Moral Injury in Returning Veterans: You'll Hate Me If I Tell You


How can clinicians help veterans with PTSD deal with depression and anxiety symptoms, and process intense feelings of shame and guilt stemming from actions and situations they experienced while serving?

Day in and day out for years and sometimes decades, soldiers respectfully acknowledge their commander, “Sir, yes, Sir!” Many perform their duties admirably, but some break the rules of war.

As the Toledo Blade reported, in Viet Nam for example, a platoon known as Tiger Force in the US Army intentionally blew up women and children in underground bunkers, and committed a variety of other war crimes, leaving too many dead unnecessarily.

Running on little sleep for long periods of time makes it hard for soldiers to make good moral judgments, especially when fellow soldiers bully them when they show any amount of emotion in response to killing, whether it is justified or not. If it’s not, they hurt themselves.

As a result, Jonathan Shay introduced the term “moral injury.” That is, when there is a betrayal of what’s right by someone who holds legitimate authority (or self) in a high-stakes situation.

Currently, this is not a diagnosis; it’s more of an existential state. Moral injury is only used to describe extreme cases of atrocities, and these soldiers often also have post-traumatic stress disorder (PTSD).

Post-traumatic stress disorder and traumatic brain injury are the signature mental illnesses afflicting veterans of wars in Iraq and Afghanistan. But advances in the treatment of trauma have led to the conceptualization of moral injury as a state distinguished from PTSD.

No soldier experiences moral injury unless he has an intact conscience. So this is not the case of a soldier being a sociopath. There’s this dissonance and conflict, and the patient thinks, “This is not who I am! I don’t go into villages! I don’t burn children and I don’t shoot at people! This person never did anything to me!”

Some experience guilt and others experience shame, but almost all feel anxiety. What’s the difference? When a person feels guilty, they feel as though they are responsible for something and maybe there’s something they can do. When someone experiences shame, it’s on a deeper level. They think that there’s something wrong with them and that they deserve condemnation, punishment, and in many cases, not to live.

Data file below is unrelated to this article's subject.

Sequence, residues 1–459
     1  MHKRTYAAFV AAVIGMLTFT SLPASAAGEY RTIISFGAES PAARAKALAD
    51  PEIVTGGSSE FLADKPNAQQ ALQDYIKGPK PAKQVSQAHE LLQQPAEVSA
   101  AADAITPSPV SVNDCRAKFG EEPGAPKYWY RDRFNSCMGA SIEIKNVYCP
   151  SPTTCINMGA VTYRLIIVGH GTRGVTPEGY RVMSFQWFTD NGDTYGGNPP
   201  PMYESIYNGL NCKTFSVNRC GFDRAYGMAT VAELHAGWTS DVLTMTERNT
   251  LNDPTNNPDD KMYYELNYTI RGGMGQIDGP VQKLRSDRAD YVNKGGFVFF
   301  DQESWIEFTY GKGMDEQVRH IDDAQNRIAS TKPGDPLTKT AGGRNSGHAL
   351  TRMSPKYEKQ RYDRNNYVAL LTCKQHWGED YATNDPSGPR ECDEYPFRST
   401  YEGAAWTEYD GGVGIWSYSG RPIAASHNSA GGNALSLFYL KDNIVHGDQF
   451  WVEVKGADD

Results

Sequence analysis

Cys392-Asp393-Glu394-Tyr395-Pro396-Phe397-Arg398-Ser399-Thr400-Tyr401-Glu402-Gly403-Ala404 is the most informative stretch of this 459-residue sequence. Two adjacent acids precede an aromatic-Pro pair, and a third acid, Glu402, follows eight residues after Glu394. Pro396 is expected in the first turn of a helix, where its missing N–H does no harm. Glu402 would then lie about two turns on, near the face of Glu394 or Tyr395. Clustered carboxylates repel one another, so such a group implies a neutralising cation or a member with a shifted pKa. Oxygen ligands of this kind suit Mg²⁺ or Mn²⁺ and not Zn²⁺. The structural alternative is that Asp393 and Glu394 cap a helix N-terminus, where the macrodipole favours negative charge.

In Indianapolis at the American Psychiatric Nurses Association (APNA) 28th Annual Conference, October 22-25, 2014, Doris C. Vallone, PhD, PMHCNS-BC, Clinical Nurse Specialist, Philadelphia VA Medical Center, Philadelphia, PA, wondered how many suicides are related. She said no one knows for sure.

According to Vallone, patients who are experiencing this think “I can’t live with myself any longer that I have done this! And I can’t even speak the words to another human being because I feel so horrible about myself. I am a bad person! I am not worth living! I did this horrible, horrible thing.” The shame and the feelings it evokes become internalized.

The guilt, shame, and anxiety cause a profound withdrawal. There’s isolation in PTSD, but this is different. Families are destroyed. “I just stay in my room, smoke my cigarettes, drink my alcohol and this is my prison,” one patient said to Vallone. “So it’s kind of like a self-prison. ‘I should be in prison, so I’m going to create a prison for myself.’ And I’ve had it described like that,” said Vallone.

Among these patients. there’s a complete failure to forgive oneself, and complete condemnation (“I am a worthless human being!”). But the more patients avoid, the more it shows up. And the outcome is dangerous behavior, often not caring if they live or die.

How to assist patients in processing these feelings? Help your patient connect with the person in front of him. Prolonged exposure with a therapist to take the shame out of the story, and then reframing it can help. Ask them, “What good came out of your trauma?” Corrective responses help as well; for example, donating or volunteering for a charity. And forgiveness, which takes time, but makes it possible for the patient to realize they did a horrible thing, but now they can move on and get past it.

Related Videos
Elizabeth Cerceo, MD | Credit: ACP
Ana Maria Lopez, MD, MPH | Credit: Jefferson Health
Timothy Wilt, MD, MPH | Credit: ACP
Insight on the Promising 52-Week KarXT Data with Rishi Kakar, MD
HCPLive Five at ACC 2024 | Image Credit: HCPLive
Sunny Rai, PhD: “I” Language Markers Do Not Detect Depression in Black Individuals
Ankeet Bhatt, MD, MBA | Credit:
© 2024 MJH Life Sciences

All rights reserved.